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ON FAITH & MEDIA View Comments

Paranormal Activity

By
John Mulderig
Source: Catholic News Service

As it did in both 1999's "The Blair Witch Project" and last year's "Cloverfield," the use of a video camera to tell an ostensibly fact-based horror tale makes for an unsettling sense of immediacy—and jangled audience nerves—in "Paranormal Activity" (Paramount).

Writer-director Oren Peli's feature debut, made for a tiny fraction of the normal Hollywood budget, is mostly gore-free, playing instead—subtly and quite effectively— on viewers' primal fears of the unseen. But his script fails to show the same restraint with regard to language and sexual topics.

Our amateur cameraman is ordinary San Diego yuppie Micah (Micah Sloat), who has purchased the gadget to document some disturbing phenomena that have been taking place recently in the house he shares with girlfriend Katie (Katie Featherston). (As Micah later puts it, to Katie's visible annoyance, the couple is "engaged to be engaged.")

Katie, who tells of being pursued by an evil spirit off and on since childhood, is wary of the supernatural and enlists the aid of a psychic (Mark Fredrichs), though he eventually proves ineffectual. Micah, by contrast, begins by treating the situation as a lark, but becomes increasingly confrontational with the invisible presence, bullheadedly regarding its unidentified designs on Katie as a challenge to his machismo.

The fact that most of the taping is done in their bedroom, since the entity is particularly active while they're asleep, offers Micah the opportunity for several off-color suggestions, and we witness the immediate aftermath of a coupling about which he boasts. Additionally, as he and Katie become more and more panicked, their fear leads to a stream of obscenity, including at least 35 uses of the F-word.

The film contains some sexual content, including a premarital situation, an off-screen encounter and a few jokes and references, a half-dozen uses of profanity, pervasive rough and crude terms, and at least two obscene gestures. The USCCB Office for Film & Broadcasting classification is L—limited adult audience, films whose problematic content many adults would find troubling. The Motion Picture Association of America rating is R—restricted; under 17 requires accompanying parent or adult guardian.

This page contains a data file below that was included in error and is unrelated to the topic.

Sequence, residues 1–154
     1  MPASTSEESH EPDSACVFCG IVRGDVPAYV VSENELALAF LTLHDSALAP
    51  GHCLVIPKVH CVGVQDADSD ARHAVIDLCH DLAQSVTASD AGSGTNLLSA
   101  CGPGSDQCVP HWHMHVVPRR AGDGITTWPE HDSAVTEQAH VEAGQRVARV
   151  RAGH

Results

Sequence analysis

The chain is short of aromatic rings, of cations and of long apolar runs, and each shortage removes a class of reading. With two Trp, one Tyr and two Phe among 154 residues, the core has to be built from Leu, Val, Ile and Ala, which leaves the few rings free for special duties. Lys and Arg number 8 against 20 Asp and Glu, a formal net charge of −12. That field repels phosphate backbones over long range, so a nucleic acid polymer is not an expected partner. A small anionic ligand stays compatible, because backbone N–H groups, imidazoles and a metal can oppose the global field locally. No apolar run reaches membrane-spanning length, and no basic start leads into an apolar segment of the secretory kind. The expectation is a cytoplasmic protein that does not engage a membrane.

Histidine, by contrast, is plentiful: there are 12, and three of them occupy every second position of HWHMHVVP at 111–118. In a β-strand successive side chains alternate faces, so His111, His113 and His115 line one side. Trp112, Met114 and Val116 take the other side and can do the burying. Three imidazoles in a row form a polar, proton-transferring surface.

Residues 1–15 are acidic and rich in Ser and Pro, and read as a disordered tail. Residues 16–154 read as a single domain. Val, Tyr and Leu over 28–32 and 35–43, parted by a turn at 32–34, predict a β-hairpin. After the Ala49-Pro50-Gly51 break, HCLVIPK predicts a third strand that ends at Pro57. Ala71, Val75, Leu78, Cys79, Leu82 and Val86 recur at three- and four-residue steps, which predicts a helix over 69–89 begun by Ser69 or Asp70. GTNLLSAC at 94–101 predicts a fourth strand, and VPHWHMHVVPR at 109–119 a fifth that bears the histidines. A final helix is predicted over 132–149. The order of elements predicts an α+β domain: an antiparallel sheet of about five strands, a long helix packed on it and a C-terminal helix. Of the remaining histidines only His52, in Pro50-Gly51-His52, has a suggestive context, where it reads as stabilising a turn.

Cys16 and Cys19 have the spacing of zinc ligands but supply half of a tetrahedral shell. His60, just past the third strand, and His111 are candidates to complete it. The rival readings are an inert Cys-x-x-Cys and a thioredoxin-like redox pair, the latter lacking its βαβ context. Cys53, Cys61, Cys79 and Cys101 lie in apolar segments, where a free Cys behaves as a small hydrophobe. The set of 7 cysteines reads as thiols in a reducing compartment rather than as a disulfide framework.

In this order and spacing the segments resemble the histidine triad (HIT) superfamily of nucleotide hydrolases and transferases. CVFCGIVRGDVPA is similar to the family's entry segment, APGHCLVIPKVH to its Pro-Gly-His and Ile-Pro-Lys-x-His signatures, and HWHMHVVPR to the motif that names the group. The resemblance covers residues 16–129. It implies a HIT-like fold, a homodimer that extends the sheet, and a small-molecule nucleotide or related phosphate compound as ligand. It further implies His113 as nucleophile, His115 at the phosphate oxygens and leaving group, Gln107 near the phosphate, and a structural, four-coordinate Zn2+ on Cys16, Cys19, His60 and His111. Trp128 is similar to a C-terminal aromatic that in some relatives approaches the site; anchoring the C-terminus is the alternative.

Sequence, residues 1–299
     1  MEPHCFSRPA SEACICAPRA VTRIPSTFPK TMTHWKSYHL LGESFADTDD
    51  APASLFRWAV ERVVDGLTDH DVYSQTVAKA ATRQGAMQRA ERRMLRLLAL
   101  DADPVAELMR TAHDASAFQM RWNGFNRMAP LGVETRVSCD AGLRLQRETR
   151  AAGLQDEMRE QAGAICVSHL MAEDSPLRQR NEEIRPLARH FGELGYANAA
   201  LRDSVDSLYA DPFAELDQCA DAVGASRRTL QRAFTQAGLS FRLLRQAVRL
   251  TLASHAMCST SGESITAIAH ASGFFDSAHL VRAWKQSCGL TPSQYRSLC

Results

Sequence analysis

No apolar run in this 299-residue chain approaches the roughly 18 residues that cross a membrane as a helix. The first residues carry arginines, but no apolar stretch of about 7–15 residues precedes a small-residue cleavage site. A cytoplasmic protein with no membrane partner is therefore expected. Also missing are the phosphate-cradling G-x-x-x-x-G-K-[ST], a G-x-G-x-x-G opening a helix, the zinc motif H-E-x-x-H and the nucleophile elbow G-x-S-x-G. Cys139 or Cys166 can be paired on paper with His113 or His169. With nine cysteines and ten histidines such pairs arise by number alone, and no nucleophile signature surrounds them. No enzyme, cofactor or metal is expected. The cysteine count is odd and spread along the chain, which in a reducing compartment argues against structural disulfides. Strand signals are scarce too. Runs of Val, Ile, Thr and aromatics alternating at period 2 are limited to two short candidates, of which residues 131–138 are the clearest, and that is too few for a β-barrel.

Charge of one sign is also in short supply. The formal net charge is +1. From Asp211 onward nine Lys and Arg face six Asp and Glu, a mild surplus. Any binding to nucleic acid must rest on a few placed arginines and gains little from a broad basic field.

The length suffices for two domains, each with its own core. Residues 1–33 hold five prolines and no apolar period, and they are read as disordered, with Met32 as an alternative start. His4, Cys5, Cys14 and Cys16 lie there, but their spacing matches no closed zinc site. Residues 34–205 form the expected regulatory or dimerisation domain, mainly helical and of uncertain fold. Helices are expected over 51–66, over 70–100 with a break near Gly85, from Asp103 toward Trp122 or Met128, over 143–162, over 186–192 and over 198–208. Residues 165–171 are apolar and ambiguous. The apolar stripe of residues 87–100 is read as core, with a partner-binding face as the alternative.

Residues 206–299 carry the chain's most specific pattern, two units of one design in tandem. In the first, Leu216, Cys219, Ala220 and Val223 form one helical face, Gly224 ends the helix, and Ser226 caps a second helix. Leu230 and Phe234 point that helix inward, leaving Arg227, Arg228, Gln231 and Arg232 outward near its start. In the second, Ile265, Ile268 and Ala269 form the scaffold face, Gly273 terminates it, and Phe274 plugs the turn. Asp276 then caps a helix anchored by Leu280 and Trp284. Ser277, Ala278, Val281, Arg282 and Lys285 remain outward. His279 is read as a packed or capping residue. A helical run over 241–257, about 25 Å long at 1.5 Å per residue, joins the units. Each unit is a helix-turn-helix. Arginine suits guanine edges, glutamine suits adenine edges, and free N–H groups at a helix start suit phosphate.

******
Mulderig is on the staff of the Office for Film & Broadcasting of the U.S. Conference of Catholic Bishops.


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James Oldo: You’ve heard rags-to-riches stories. Today, we celebrate the reverse. 
<p>James of Oldo was born into a well-to-do family near Milan in 1364. He married a woman who, like him, appreciated the comforts that came with wealth. But an outbreak of plague drove James, his wife and their three children out of their home and into the countryside. Despite those precautions, two of his daughters died from the plague, James determined to use whatever time he had left to build up treasures in heaven and to build God’s realm on earth. </p><p>He and his wife became Secular Franciscans. James gave up his old lifestyle and did penance for his sins. He cared for a sick priest, who taught him Latin. Upon the death of his wife, James himself became a priest. His house was transformed into a chapel where small groups of people, many of them fellow Secular Franciscans, came for prayer and support. James focused on caring for the sick and for prisoners of war. He died in 1404 after contracting a disease from one of his patients. </p><p>James Oldo was beatified in 1933.</p> American Catholic Blog Even when skies are grey and clouds heavy with tears, the sun rises. So to with our souls, burdened by life’s sins and still He rises.

 
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